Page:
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Front Physiol. 2017 Jul 24;8:487. doi: 10.3389/fphys.2017.00487. eCollection 2017.

Gut Microbiome Response to Sucralose and Its Potential Role in Inducing Liver Inflammation in Mice.

Author information

1
Department of Environmental Health Science, University of GeorgiaAthens, GA, United States.
2
Department of Environmental Sciences and Engineering, University of North Carolina at Chapel HillChapel Hill, NC, United States.
3
Department of Population Health and Pathobiology, North Carolina State UniversityRaleigh, NC, United States.

Abstract

Sucralose is the most widely used artificial sweetener, and its health effects have been highly debated over the years. In particular, previous studies have shown that sucralose consumption can alter the gut microbiota. The gut microbiome plays a key role in processes related to host health, such as food digestion and fermentation, immune cell development, and enteric nervous system regulation. Inflammation is one of the most common effects associated with gut microbiome dysbiosis, which has been linked to a series of human diseases, such as diabetes and obesity. The aim of this study was to investigate the structural and functional effects of sucralose on the gut microbiota and associated inflammation in the host. In this study, C57BL/6 male mice received sucralose in their drinking water for 6 months. The difference in gut microbiota composition and metabolites between control and sucralose-treated mice was determined using 16S rRNA gene sequencing, functional gene enrichment analysis and metabolomics. Inflammatory gene expression in tissues was analyzed by RT-PCR. Alterations in bacterial genera showed that sucralose affects the gut microbiota and its developmental dynamics. Enrichment of bacterial pro-inflammatory genes and disruption in fecal metabolites suggest that 6-month sucralose consumption at the human acceptable daily intake (ADI) may increase the risk of developing tissue inflammation by disrupting the gut microbiota, which is supported by elevated pro-inflammatory gene expression in the liver of sucralose-treated mice. Our results highlight the role of sucralose-gut microbiome interaction in regulating host health-related processes, particularly chronic inflammation.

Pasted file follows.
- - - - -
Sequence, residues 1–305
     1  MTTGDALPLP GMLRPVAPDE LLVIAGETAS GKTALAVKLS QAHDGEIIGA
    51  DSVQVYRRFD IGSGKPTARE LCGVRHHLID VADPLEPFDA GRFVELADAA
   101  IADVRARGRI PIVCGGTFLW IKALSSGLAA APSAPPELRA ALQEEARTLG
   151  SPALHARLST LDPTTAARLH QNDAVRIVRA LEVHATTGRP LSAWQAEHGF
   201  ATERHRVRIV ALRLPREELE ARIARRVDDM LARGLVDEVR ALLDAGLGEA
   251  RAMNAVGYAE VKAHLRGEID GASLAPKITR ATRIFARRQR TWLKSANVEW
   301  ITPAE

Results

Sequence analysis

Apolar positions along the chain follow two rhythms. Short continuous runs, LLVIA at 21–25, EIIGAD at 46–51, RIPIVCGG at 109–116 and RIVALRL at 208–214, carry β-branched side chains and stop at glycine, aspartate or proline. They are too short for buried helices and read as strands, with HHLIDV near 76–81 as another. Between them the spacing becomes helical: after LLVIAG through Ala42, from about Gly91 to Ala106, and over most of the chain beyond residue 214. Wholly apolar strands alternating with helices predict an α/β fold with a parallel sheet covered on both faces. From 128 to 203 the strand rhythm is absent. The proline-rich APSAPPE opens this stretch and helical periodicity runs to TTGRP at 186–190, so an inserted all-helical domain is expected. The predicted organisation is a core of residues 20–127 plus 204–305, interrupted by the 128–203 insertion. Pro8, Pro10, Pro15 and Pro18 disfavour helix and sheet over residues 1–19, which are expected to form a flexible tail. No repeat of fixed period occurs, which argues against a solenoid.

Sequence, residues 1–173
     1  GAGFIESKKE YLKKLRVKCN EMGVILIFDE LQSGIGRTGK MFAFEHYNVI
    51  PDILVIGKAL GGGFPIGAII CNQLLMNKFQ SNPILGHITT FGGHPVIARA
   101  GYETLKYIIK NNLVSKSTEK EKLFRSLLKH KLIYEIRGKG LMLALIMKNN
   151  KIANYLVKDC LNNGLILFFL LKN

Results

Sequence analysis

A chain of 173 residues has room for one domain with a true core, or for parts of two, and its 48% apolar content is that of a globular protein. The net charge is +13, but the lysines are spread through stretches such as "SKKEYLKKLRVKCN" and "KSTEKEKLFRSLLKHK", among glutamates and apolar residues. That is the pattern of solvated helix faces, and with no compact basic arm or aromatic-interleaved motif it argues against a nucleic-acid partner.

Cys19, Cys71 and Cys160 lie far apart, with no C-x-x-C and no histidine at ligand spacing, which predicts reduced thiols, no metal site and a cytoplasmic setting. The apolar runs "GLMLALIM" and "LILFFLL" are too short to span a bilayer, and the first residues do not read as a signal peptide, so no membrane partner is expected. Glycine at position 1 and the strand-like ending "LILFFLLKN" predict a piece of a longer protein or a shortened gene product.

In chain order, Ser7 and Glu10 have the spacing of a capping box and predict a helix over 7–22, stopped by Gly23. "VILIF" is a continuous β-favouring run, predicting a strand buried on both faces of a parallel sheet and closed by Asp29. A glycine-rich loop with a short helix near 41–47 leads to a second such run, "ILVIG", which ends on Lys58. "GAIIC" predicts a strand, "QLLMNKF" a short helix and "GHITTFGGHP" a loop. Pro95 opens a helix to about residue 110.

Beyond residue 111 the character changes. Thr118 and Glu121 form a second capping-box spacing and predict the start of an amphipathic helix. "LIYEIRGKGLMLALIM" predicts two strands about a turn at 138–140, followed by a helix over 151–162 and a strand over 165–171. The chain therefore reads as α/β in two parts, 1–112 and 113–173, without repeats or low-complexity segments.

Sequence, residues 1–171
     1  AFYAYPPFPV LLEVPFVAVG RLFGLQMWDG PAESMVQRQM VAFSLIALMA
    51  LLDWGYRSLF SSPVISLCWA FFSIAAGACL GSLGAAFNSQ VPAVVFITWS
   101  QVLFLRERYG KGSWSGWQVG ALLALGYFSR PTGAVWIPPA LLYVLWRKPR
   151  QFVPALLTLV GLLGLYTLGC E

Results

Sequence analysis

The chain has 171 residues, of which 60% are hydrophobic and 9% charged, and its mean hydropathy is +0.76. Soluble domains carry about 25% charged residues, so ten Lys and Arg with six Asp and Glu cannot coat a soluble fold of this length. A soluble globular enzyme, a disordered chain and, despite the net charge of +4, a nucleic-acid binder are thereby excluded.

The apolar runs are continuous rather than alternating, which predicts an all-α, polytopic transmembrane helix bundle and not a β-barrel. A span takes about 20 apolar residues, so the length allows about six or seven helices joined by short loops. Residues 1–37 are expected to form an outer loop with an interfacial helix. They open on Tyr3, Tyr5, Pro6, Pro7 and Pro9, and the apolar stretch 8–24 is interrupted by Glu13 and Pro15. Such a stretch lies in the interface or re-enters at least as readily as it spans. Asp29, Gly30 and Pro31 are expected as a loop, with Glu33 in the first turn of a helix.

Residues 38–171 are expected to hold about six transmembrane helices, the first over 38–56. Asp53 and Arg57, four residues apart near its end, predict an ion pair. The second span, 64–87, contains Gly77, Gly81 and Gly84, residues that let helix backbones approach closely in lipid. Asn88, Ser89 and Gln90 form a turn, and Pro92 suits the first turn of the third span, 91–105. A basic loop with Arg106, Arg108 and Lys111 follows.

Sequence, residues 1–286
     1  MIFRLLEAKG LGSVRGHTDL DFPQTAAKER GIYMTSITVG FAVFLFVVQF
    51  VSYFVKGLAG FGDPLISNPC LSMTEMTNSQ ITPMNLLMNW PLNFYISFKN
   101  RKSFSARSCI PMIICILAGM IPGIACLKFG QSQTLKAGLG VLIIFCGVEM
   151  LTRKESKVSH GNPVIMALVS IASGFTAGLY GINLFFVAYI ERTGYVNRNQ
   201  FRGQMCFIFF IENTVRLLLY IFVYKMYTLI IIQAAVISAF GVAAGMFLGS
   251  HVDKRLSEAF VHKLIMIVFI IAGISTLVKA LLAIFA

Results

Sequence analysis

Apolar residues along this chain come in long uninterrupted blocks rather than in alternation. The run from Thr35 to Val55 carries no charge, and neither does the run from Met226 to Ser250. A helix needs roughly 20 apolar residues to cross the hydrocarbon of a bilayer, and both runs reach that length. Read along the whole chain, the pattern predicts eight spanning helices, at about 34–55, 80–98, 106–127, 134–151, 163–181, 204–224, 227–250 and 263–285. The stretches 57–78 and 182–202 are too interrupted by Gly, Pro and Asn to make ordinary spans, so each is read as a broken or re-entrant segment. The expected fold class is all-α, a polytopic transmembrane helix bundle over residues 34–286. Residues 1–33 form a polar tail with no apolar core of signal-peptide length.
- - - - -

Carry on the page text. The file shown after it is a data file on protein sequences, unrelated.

KEYWORDS:

artificial sweetener; gut microbiota; inflammation; metabolomics; sucralose

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